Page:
Bush Vows to Pursue Diplomatic Solution for Iran Nuclear Weapons Conflict

President Bush vowed Thursday to press for a diplomatic solution to the conflict over Iran's nuclear program, saying Tehran was "trying to wait us out" but predicting that "they are going to be sorely mistaken."

"There's no question that this issue can be solved diplomatically," he said at a news conference with German Chancellor Angela Merkel during a visit to the northern town of Stralsund for talks with a key U.S. ally in the Iran nuclear talks.

"It's really important for Europe to speak with one common voice." Bush said.

The visit comes ahead of the Group of Eight summit in St. Petersburg where Iran, North Korea, and the recent violence in the Middle East will present tough challenges for the assembled leaders.

Bush conceded a diplomatic solution on Iran would be "hard work."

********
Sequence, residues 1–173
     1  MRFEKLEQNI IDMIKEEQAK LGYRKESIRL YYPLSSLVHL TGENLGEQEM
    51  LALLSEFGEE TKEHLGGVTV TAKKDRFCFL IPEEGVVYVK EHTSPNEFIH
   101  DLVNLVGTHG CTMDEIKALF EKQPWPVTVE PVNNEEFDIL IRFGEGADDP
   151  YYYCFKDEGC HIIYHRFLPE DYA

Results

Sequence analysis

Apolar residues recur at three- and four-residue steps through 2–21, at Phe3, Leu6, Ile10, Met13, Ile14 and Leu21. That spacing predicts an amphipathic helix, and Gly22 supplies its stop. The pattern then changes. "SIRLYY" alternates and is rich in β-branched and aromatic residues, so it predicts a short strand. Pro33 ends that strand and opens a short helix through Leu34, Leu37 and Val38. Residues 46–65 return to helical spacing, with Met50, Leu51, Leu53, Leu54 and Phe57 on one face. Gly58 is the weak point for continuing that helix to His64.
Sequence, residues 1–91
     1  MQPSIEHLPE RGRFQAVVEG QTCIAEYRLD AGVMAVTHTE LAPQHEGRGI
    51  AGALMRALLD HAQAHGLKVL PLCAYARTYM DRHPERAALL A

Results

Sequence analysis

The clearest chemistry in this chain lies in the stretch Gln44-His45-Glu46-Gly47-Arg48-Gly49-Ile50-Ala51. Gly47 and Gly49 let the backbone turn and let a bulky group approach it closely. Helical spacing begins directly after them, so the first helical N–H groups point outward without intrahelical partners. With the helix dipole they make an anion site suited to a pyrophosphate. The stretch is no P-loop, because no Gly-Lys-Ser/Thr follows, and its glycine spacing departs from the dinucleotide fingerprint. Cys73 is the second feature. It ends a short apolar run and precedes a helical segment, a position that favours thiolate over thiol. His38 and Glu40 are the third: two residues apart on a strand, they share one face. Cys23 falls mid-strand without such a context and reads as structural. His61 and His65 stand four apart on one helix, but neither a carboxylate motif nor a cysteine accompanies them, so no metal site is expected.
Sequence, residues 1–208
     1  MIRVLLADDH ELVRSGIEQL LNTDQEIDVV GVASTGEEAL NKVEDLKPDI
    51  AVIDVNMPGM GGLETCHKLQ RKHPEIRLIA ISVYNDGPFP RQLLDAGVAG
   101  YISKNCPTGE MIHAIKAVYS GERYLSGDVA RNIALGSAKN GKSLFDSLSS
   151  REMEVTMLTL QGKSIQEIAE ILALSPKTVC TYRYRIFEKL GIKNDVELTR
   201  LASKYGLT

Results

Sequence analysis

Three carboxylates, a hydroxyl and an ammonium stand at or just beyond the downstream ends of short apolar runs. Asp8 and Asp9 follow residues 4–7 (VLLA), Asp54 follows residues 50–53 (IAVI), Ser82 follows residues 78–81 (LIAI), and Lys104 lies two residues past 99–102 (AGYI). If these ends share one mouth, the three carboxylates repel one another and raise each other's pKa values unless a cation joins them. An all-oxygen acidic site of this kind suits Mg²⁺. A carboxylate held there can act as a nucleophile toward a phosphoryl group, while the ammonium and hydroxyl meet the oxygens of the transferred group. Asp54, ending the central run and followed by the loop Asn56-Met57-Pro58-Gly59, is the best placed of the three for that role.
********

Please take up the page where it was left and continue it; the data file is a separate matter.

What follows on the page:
"I truly think they're trying to wait us out, that it's only a matter of time before people lose their nerve," he said. "And I think they are going to be sorely mistaken."

The five veto-wielding members of the U.N. Security Council — Britain, France, Russia, China and the United States — plus Germany have led European efforts to get Iran to stop efforts to enrich uranium. Enriched uranium can be used for power plants or bombs depending on the level of enrichment.

Bush faces a challenge in pushing Russia, whose President Vladimir Putin is hosting the G-8 summit, and China, who both have been opposed imposing sanctions.

"It's important for Angela and myself to work with Vladimir Putin, which we will do at the G-8, to continue to encourage him to join us in saying to Iranians loud and clear we're not kidding, it's a serious issue, the world is united in insisting that you not have a nuclear weapons program."